The Summit County Metro Parks is asking voters to support Issue 11, a renewal plus an small additional levy, during the March 17 primary election.

The existing 1.46-mill levy is a renewal, with an additional .54-mill levy for a term of nine years. That means homeowners will continue to pay the same rate on the original 1.46-mill levy, and it will also continue to preserve tax credits from the state.

The current 7-year, 1.46-mill levy was approved by voters in 2006 and renewed in 2013. It expires Dec. 31, 2020. Since 2006, parkland managed by Summit Metro Parks has grown by 50 percent (including five new parks), trail miles have increased by 25 percent and annual visits have grown from 4 million to 5 million each year.

Other additions include a number of new amenities, such as year-round camping (Nimisila Reservoir Metro Park in Green), community gardens (Goodyear Heights Metro Park in Akron) and disc golf (Silver Creek Metro Park in Norton).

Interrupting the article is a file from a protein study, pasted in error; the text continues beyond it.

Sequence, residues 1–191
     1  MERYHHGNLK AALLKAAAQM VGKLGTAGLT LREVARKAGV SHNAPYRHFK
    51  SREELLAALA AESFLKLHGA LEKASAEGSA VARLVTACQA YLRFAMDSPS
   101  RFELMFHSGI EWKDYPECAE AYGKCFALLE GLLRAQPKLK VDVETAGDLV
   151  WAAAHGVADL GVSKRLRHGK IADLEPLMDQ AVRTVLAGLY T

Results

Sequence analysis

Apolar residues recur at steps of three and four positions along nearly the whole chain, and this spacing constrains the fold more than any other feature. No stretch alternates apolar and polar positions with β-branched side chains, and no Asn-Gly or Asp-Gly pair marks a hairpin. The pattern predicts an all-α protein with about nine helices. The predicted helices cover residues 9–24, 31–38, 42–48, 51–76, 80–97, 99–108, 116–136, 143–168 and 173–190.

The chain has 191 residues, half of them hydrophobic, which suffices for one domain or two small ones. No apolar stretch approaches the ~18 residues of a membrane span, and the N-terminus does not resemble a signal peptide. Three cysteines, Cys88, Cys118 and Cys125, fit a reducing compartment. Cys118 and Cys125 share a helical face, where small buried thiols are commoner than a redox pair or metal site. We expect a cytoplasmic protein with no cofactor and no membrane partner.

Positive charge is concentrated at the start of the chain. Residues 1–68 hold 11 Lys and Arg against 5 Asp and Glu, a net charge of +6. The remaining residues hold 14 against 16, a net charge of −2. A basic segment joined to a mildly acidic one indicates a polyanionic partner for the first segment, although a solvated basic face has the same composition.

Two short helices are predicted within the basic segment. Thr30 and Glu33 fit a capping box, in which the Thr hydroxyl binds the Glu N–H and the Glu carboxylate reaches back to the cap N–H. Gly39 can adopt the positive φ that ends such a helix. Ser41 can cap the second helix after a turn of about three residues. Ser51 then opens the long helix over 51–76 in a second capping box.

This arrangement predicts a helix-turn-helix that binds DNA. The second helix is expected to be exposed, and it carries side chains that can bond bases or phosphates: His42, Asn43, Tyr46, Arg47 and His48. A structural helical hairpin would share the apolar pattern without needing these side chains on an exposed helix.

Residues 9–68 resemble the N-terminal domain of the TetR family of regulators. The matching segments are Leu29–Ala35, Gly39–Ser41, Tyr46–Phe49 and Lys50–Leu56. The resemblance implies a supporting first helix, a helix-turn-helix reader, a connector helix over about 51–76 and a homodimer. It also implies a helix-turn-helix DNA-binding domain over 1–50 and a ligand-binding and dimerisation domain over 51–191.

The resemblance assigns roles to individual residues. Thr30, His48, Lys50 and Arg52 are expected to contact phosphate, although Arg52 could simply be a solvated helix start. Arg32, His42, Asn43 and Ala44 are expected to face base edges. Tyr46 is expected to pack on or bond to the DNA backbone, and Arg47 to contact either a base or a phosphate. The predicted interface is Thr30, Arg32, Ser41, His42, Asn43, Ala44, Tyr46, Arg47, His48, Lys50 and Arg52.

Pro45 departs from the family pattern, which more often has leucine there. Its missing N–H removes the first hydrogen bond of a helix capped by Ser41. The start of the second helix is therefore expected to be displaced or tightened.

According to the parks department, the ballot initiative requests an increase of $1.58 per month for the owner of a $100,000 home. The additional funding is necessary to account for growth and to maintain the existing system of clean and safe parks.

With 16 parks, 150 miles of trail and dozens of free, naturalist-led programs each month, Summit Metro Parks preserves the region's green space, conserves natural resources and provides clean and safe outdoor recreation. Investing in the parks improves the Summit County community’s quality of life. Additionally, Summit Metro Parks locations host 264 rare and endangered species, including 14 globally ranked Red List species, such as tubercled rein-orchids, Great Plains Ladies’-tresses and ginseng.

“At Summit Metro Parks, we’ve been delivering a high-quality park experience for nearly 100 years. We are proud to serve the residents of Summit County and we often hear how much the parks mean to people in our community,” said Executive Director Lisa King. “This ballot initiative allows us to continue that legacy for many years to come.”